Don’t Cry For Me … I’m in Argentina

By: Andrew Brace


Don’t Cry For Me … I’m in Argentina

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I had forgotten how stressful home selling and buying can be and so as I waited impatiently for papers to be signed and solicitors to pull their respective fingers out, a week in Argentina seemed very attractive. I always allow myself at least 90 minutes for connecting flights but as I sat on the runway at Birmingham and heard the announcement that the flight into Amsterdam would be delayed by 50 minutes I began to panic as 40 minutes to get from one end of Schiphol to the other and be sure that the bag was loaded seemed to be a little ambitious. In fairness to KLM they contacted the airport ahead of our landing and a buggy was waiting for me to take me to the gate. There a very helpful young lady informed me that my bag was on its way and that she would contact me on board to confirm it had been loaded … and she did … so I could relax on the 13-hour flight. Looking at the choice of films when the first G&T had been served I noticed that My Big Fat Greek Wedding 2 was available. I loved the original and have seen it many times. I remember meeting its star, Lanie Kazan, at an American Kennel Club judges’ dinner aboard the Queen Mary in Long Beach several years ago when she was the guest of Matthew Stander and Eugene Zapahiris who have recently successfully launched DN as the new must-read American weekly newspaper for the fancy. She is a totally charismatic lady and very talented actress.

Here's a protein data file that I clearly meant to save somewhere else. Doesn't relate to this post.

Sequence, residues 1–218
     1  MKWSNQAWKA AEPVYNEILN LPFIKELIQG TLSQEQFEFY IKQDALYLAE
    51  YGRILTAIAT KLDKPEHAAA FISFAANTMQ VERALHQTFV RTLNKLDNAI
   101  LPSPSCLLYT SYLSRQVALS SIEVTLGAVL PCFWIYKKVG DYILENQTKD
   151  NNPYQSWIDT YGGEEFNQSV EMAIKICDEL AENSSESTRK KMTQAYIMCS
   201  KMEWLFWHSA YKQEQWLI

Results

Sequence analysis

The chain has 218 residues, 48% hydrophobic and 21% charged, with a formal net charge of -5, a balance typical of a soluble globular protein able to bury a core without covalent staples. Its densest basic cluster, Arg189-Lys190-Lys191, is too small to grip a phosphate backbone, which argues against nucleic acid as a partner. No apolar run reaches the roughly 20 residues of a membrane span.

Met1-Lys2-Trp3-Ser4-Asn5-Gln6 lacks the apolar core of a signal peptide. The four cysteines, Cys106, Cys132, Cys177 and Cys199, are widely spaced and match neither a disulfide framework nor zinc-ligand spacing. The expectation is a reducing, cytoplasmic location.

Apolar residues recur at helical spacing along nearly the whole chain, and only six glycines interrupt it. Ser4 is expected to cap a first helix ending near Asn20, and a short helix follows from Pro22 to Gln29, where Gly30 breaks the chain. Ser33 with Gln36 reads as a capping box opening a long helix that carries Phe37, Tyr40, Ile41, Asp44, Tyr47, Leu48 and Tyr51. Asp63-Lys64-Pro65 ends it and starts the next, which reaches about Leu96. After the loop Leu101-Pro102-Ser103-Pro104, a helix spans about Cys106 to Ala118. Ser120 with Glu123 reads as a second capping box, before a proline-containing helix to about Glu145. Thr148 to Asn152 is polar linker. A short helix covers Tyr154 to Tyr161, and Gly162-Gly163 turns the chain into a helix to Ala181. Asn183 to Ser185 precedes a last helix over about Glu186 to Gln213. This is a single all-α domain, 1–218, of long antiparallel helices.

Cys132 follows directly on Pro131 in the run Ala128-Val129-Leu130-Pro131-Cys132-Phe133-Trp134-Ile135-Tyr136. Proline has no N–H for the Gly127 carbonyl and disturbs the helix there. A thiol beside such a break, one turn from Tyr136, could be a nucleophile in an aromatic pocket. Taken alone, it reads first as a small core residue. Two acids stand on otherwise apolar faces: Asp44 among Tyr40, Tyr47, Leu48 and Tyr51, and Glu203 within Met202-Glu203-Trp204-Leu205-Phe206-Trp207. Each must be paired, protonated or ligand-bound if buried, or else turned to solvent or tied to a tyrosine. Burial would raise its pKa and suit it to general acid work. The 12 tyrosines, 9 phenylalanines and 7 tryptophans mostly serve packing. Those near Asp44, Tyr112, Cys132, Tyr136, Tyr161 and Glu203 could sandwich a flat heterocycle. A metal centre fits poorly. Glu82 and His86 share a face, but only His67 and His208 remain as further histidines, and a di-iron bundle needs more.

The flight landed on time, immigration took just a few minutes and I was soon reunited with my luggage. In the arrivals lounge I was met by the Argentinian Kennel Club’s driver, Marcos, who had already collected my good friend Juan Allberto Grillo who was here from Colombia for the SICALAM conference which includes all the kennel clubs from South and Central America, from Mexico southwards. We were driven to the Regente Palace Hotel and I took the advantage of a few hours rest before easing myself into the day and preparing for dinner at the FCA offices on the Wednesday evening.

  My fellow overseas judges – Adrian Landarte and Jorge Nallem from Uruguay, Edd Bivin from the US, Roberto Velez Pico from Puerto Rico, Luis Pinto Teixeira from Portugal, Juan Luis Martinez from Mexico, Denis Kuzelj from Bugaria and Eugenio Gonzalez Aguilo from Chile, along with several of the SICALAM delegates were welcomed at the Federacion Cinologica Argentina offices in the heart of Buenos Aires by Nestor Frascino, the president, and Miguel Angel Martinez, vice president, who was also judging at the shows. The offices are indeed impressive – vast, modern, airy and superbly equipped. When we were there in the evening the office staff were still hard at work processing authenticated pedigrees for breeders who had dropped by and had their paperwork produced in minutes. All judges were introduced to the treasurer and had their expenses and judging fees paid before we sat down, all very efficient.

  After pre-dinner drinks and tapas we were treated to a splendid dinner in the dining room accompanied of course by excellent Argentinian wines.